The Law School community convened Monday for an emotional community town hall following backlash to the Edmund Burke Society’s recent whip sheet for an immigration debate, which said that immigrants bring “disease into the body politic.”
The conservative parliamentary debate group has indefinitely postponed the debate, titled “Raise the Bar,” citing a “high risk of serious disturbance.” The organizer apologized Monday for the inappropriate language in the document.
More than a hundred students, faculty, and staff attended Monday’s town hall. The attendance was so high organizers had to relocate from a Law School classroom to a nearby auditorium. Many students spoke during the open discussion period, speaking about the importance of elevating marginalized voices, maintaining professionalism, and promoting a more welcoming culture at the Law School.
Law Students Association (LSA) President Sean Planchard opened the LSA-hosted meeting with a call to community unity, reminding participants to keep open minds.
“None of us have to be in this room, so we are all united in that we all want to be here,” Planchard said.
Planchard noted that the Burke Society—along with the People’s Collective, another parliamentary debate society—was on probation last quarter for violating the alcohol policy for student organizations.
Planchard pledged that LSA would dedicate greater attention to regulating students’ posters (a paper version of the whip sheet was posted around the Law School): “Admittedly, we haven’t done a good job with that this year, and that’s something we’re actively considering.”
Chairman of the Edmund Burke Society Eric Wessan immediately apologized for his organization’s actions at the beginning of the open discussion.
“Before I say anything else, I want to say that I am sorry to anyone who felt attacked or belittled by this Whip Sheet. This entire thing is awful. I feel terrible about how people are feeling,” Wessan said. “I look around the community and am upset by the harm done. It is bad for the Law School community. It’s bad for dialogue and debate. It is clear this sheet has caused people to feel attacked and belittled, and I am truly sorry. One person told me that some of the arguments made were not merely parody, but mirrored ugly sentiments. Given people’s immediate and visceral reaction to those sentiments, I see that using them was a mistake.”
Wessan’s statement was met with applause. Planchard then opened the floor to students and faculty.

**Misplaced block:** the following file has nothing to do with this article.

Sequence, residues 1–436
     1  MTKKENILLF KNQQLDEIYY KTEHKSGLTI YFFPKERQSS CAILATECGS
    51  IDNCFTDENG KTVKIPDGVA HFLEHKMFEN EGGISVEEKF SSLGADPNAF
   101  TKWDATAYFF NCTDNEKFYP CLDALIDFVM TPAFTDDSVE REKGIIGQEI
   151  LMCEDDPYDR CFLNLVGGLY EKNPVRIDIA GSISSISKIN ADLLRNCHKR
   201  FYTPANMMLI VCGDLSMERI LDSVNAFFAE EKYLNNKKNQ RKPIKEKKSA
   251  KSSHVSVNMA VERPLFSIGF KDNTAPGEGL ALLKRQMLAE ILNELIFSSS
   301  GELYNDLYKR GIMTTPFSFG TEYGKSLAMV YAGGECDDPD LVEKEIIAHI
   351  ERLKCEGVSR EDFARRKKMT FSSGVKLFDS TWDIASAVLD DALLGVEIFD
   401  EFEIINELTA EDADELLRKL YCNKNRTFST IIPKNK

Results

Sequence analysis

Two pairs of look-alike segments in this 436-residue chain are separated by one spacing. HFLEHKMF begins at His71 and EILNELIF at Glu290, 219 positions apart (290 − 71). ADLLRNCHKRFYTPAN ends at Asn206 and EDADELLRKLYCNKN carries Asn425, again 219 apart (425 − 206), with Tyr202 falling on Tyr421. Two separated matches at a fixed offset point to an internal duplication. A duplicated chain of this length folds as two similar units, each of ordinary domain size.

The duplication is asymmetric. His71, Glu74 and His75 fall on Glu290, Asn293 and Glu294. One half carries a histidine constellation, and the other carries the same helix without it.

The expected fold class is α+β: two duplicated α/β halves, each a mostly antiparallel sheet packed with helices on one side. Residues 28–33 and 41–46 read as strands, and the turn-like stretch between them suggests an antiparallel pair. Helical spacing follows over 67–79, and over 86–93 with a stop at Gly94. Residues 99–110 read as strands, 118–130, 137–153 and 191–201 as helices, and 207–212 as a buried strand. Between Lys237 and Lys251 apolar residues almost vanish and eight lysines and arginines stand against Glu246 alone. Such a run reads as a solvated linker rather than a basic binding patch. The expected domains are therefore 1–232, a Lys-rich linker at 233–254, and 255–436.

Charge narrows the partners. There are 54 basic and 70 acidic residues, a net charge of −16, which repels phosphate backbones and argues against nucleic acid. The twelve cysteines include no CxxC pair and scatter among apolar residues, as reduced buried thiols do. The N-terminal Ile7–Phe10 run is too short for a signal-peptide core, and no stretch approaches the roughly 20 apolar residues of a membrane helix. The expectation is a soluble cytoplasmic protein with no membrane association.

One law student who did not state her name articulated the pain she felt in response to the Society’s whip sheet. She explained that she no longer attends any social events hosted at the Law School because during her first year she felt personally targeted by a Burke Society debate entitled: “Close the Door to Damascus: No more Refugees.”
She encouraged attendees to expand the scope of the town hall discussion, emphasizing that student uproar in response to the whip sheet was about much more than a single controversial advertisement.
“This is about the fact that dozens of people attend [Burke Society] meetings, and that these authors have been writing these whip sheets for 29 years,” she said. “I feel [that] this institution has failed me, and I don’t want it to fail others.”
This student, among others, thanked Wessan for his public apology.
“I thank him for being the only person of the Burke Society to apologize. I think that was a good first step,” she said.
One of the event’s final speakers briefly cried onstage discussing the prejudice she has long experienced. She ultimately offered Wessan her forgiveness.
“Post 9/11, I have experienced a life . . . of having to prove that I’m not a terrorist. I had to prove to my mother-in-law that I’m not a terrorist. I had to tell HR that my husband isn’t a problem because he’s white,” she said. “I’m going to believe you when you say that you’re not racist, and that you were trying to be funny.”
Not all members of the Burke Society apologized.
One member, who did not introduce himself by name, told the story of immigrating from Ukraine to Kentucky with his parents and grandparents in 1996. He said that he was shocked by the response to the whip sheet, which he considered disproportionate to the intended satire.